Little Woolden Moss was the victim of a large fire that caused 500 sq m of damage.
Whilst the start of the fire is unknown, the Wildlife Trust has said they have reason to suspect it was an arson attack.
The Lancashire Wildlife Trust has put out a tweet stating their suspicions of arson.
A 500m2 area of rare lowland heath at Little Woolden Moss – where the ground-nesting nightjar was in residence last year – has been torched by suspected arson. We are devastated.
We're so thankful to the fire service and the member of the public who alerted them. pic.twitter.com/1Hy64KAOuP
— Lancashire Wildlife Trust (@Lancswildlife) April 14, 2021
“A 500m2 area of rare lowland heath at Little Woolden Moss – where the ground-nesting nightjar was in residence last year – has been torched by suspected arson. We are devastated.
We’re so thankful to the fire service and the member of the public who alerted them.”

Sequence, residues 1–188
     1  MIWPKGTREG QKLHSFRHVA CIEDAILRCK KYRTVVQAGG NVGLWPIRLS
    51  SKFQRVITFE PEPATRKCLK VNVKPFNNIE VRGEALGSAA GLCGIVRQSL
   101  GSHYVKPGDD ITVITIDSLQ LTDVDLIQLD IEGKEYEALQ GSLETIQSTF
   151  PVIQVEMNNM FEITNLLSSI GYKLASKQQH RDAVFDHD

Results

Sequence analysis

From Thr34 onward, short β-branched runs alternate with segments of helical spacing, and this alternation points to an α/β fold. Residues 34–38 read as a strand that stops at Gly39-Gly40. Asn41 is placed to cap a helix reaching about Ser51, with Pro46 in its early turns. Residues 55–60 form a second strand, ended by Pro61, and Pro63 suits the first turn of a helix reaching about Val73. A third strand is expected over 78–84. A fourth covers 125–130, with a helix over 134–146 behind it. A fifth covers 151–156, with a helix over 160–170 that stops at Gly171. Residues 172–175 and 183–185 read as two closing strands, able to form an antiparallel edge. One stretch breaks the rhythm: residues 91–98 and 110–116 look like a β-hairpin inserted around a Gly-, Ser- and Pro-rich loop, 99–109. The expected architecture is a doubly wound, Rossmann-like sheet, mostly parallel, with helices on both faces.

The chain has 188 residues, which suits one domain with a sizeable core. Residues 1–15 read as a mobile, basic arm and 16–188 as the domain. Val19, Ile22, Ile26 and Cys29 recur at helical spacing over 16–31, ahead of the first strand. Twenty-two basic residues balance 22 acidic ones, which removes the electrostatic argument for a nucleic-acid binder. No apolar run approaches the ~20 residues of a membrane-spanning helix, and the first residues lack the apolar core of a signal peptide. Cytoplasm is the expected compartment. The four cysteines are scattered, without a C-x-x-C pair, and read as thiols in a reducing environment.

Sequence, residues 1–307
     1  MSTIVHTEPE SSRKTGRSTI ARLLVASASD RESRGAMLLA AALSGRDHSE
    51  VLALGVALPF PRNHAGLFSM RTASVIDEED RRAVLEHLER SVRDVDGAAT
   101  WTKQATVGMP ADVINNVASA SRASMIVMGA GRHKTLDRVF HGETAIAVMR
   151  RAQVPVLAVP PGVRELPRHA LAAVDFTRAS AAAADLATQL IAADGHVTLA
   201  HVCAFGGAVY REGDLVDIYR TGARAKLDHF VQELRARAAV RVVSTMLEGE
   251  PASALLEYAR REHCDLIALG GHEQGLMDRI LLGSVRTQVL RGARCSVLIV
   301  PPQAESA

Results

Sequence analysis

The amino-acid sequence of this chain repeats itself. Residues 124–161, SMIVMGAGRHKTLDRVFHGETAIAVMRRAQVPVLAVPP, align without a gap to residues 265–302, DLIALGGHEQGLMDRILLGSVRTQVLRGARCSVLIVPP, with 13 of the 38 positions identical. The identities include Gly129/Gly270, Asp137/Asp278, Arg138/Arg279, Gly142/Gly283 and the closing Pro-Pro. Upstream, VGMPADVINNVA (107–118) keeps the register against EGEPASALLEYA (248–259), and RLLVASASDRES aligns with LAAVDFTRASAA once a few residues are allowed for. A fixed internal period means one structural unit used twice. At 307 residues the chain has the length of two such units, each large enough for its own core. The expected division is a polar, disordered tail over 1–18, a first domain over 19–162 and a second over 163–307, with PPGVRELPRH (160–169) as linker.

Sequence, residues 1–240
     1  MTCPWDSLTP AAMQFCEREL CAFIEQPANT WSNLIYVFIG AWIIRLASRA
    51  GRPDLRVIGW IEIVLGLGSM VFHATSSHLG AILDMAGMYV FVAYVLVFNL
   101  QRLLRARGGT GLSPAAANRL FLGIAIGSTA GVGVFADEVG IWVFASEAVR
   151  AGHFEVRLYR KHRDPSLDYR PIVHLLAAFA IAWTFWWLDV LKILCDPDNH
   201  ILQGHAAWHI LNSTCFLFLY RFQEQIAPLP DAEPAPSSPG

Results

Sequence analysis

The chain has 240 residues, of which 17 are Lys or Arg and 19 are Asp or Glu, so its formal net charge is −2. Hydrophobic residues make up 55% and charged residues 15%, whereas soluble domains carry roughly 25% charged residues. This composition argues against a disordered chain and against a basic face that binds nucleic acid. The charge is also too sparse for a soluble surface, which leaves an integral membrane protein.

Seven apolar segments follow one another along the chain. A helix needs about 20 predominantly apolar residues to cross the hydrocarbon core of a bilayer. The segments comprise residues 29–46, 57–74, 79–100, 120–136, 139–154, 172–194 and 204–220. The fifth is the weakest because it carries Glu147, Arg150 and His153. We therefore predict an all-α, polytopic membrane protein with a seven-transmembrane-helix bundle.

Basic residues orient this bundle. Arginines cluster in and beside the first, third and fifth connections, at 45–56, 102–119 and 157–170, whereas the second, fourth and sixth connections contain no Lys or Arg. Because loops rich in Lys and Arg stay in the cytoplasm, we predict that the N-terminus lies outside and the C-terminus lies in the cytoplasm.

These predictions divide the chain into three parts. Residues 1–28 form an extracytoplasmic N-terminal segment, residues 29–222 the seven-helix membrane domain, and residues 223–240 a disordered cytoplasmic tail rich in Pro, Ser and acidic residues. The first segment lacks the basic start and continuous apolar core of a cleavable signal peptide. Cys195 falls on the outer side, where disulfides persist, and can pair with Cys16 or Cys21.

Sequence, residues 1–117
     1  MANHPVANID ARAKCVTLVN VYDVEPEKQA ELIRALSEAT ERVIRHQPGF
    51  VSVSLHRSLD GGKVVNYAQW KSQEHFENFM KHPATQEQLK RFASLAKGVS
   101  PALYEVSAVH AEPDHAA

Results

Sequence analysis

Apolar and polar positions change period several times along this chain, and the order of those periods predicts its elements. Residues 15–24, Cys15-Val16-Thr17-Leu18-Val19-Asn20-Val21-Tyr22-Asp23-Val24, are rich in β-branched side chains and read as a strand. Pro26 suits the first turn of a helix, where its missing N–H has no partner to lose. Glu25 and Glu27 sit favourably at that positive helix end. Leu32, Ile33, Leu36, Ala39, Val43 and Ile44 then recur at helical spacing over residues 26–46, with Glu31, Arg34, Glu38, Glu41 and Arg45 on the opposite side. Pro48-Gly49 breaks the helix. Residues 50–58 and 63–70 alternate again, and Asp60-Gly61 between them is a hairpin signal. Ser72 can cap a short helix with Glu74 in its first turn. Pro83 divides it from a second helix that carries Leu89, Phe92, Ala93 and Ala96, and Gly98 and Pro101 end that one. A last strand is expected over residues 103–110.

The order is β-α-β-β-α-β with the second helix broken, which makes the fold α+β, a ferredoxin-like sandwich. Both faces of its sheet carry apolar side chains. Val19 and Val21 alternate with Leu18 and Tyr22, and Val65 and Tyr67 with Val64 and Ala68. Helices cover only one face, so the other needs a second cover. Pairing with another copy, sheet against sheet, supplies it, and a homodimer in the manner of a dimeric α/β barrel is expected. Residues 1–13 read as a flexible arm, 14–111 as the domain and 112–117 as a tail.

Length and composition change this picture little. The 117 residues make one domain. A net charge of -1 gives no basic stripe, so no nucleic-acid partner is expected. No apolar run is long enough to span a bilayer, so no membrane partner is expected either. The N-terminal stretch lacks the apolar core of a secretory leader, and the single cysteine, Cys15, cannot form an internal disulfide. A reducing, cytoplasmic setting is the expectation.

The charity have since released a statement.
“An area of Little Woolden Moss, near Salford, has been subject to a suspected arson attack, threatening wildlife as it is preparing its homes from Spring.
“Approximately 500m2 of rare lowland heath habitat has been affected with concern for the safety of species such as common lizard, field voles and the rare bog bush cricket, who may not have been fast enough have been escape the flames, along with ground nesting birds such as the nightjar which only returned to the area last year after a hiatus of 20 years.”
The charity have been working for many years to help revitalise the UK’s peatlands and encourage natural life to flourish.
“With our help, both Cadishead and Little Woolden Moss are bursting back into life. There is evidence of roe deer visiting the sites, and lifelong resident and birder, David Steel, has recorded more than 100 species of bird including rarities like the weird and wonderful stone curlew.
“In summer, hobbies chase common darter and black darter dragonflies over the Moss, and as the season melts into autumn, merlins can be seen perched on rocks and tree stumps, surveying the landscape for prey. Short-eared owls and buzzards also hunt over Cadishead and Little Woolden Moss, while lapwing and skylark breed down on the ground.”
If you have any information which may help the investigation please contact Greater Manchester Police.